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Sound-Activated Light Suit

Apr 6, 2017

In this collaboration Charlena Russell and Bernie Rohde, a technologist in circuit sculpture, have designed and built a one-of-a-kind costume for Charlena’s stage performances. We see this as a creative trail-blazing, engaging our community’s growing desire for tech-art and DIY innovation. Our sound-activated light-suit provides a unique experience for ourselves and for audiences of all ages, combining authentic science with visual art and musical entertainment.

The suit will be worn while Charlena performs her electronic-jazzy songs with a loop pedal, vocals, violin, ukulele, trumpet, guitars and multi-instrumental backing tracks. Projected video images will also visually enhance the experience. Audience participation is key, as there will be danceable songs that require call backs and clapping. The suit even makes music accessible for the hearing impaired, allowing them to see the sound!

We both consider it our life’s work to MAKE ART HAPPEN through learning and connecting with others. We become a strong team by integrating knowledge from our previous individual studies. By EXCHANGING IDEAS we get perspective which an artist might rarely if ever discover alone. Working with someone from a slightly different planet (gender, generation, education, art genre), we have made a way of making, an environment for evolution with unpredictable results.

Machine intelligence was supposed to help the human race somehow, but engineering by itself, with top-down planning and pre-determined goals, is going in the opposite direction. Big data is only good for business and war. Programmed intuition is an oxymoron and a hoax. Present-day smart machines are purely left-brained calculators. A machine which actually could think needs both hemispheres to be real. So forget about virtual reality—where do you get an actual right-brain?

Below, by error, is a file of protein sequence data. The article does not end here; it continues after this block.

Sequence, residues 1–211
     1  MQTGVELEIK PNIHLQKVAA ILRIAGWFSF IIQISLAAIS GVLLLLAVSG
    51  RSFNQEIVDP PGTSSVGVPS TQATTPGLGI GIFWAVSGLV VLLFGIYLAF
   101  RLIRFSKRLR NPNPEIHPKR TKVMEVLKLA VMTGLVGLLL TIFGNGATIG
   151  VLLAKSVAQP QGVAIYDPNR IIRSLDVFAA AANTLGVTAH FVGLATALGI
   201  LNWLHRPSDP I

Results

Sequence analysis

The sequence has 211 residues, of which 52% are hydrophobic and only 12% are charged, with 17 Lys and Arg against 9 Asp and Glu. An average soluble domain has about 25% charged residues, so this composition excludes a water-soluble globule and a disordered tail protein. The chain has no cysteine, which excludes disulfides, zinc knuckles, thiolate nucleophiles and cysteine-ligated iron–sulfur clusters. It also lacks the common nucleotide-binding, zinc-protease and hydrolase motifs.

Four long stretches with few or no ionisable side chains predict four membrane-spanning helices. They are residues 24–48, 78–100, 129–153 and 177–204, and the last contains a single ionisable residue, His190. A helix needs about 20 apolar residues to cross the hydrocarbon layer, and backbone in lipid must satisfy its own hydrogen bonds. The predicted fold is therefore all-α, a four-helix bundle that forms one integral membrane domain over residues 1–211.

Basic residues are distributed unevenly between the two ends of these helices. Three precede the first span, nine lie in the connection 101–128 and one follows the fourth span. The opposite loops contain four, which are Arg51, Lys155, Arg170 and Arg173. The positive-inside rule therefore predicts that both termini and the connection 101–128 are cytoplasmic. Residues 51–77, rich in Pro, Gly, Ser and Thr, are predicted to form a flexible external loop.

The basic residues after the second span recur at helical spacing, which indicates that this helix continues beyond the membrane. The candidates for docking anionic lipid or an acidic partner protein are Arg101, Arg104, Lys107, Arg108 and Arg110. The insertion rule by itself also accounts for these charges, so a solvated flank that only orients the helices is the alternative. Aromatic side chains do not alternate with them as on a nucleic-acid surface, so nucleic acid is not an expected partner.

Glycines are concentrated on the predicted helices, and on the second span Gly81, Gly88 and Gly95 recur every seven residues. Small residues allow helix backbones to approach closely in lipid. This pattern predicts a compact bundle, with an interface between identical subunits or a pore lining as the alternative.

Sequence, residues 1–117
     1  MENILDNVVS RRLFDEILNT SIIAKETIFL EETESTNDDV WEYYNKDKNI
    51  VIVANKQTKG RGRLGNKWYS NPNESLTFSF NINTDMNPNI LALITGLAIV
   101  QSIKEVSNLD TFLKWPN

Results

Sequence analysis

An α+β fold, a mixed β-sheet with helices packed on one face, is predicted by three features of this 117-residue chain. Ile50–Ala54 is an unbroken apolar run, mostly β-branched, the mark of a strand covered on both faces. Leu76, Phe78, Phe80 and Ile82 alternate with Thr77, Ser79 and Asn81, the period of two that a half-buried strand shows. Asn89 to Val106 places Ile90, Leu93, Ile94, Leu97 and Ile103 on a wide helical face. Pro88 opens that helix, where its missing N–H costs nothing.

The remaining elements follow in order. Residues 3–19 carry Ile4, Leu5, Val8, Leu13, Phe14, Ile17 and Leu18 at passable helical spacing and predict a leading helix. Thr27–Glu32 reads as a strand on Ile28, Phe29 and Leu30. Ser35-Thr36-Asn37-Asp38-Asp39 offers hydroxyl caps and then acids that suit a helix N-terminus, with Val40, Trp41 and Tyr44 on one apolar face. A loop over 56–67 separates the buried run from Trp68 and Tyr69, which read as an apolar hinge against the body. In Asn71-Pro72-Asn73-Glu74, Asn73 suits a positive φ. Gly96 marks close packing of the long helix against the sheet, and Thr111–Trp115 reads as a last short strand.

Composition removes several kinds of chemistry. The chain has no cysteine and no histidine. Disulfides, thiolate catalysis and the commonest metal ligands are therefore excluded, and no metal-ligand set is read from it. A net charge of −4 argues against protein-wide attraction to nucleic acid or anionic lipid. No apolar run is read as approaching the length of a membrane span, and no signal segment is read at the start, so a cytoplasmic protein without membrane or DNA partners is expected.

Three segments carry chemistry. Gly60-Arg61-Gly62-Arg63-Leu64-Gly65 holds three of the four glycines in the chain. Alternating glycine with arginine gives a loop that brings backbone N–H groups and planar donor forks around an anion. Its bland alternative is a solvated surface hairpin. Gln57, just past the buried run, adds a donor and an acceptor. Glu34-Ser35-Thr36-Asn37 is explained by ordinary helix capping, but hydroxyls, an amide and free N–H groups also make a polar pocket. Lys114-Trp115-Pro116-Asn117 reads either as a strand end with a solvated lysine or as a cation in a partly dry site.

Tech-art usually means art made by tech, such as a painting or music composed by a computer. What about making tech by doing art ? When it comes to thinking outside the box, we want to inspire and lead by example. We think of art as not so much the product as the process – the dreaming and improvising – spontaneous combustion from thin air.

When the dust settles our machine has figured out a few things on her own. Analog math with body language adds a new dimension, a parallel operating system for the digital computer. As with our collaboration in making, 1 + 1 > 2. The rules of engineering are only a line in the sand. We get to use the whole rest of the beach.

See you at the next show!

We gratefully acknowledge the financial support of the Region of Waterloo Arts Fund.

How the Suit Works

The circuit has 96 LED lights, powered by rechargeable battery packs, controlled by an Arduino-compatible processor, code written in C.  The lights automatically switch on/off in waves according to sound picked up by a built-in microphone.  Any one of eight preset colours can be selected anytime, even in the middle of a tune – it doesn’t miss a beat.  

Audio gain and LED on/off threshold are self-adjusting for any sound input. Sensitivity (noise margin) is user-adjustable.  There are 12 LEDs/pixel, 8 pixels/frame.  The frame rate is ~140Hz, adjustable in software.  There are no preset or triggered sequences.  The display is raw data in time-domain – like the x-axis of an oscilloscope screen – not a colour organ, spectrum analyser or EQ bar graph.  

  • Atmel 328p cpu w/Arduino bootloader A000048, 28PDIP replaceable in socket  
  • Texas Instrument TLC5947 24-channel PWM s/p register (pcb design J. Bastow)  
  • Diodes Inc. DMN3404L n-channel FET, LED drivers  
  • Microchip MCP6001UT-I/OT audio op-amp  
  • Carobotix 0940-PRT-9922661 400mAH 3.7V lithium battery, for the logic circuits   
  • Sparkfun PRT-10217 usb/micro charger, modified for 370mA  
  • Staples 28246 5V usb powerbank (nom. 6.6AH each)  2 x 4AH useable at 2.4A   
  • Battery wake-up 2 x 200mA, 75% duty at 30 Hz  
  • YoCv8 pcb with v11 code modified for Charlena’s LED colours  

For more info regarding tech, please contact bernierohde@gmail.com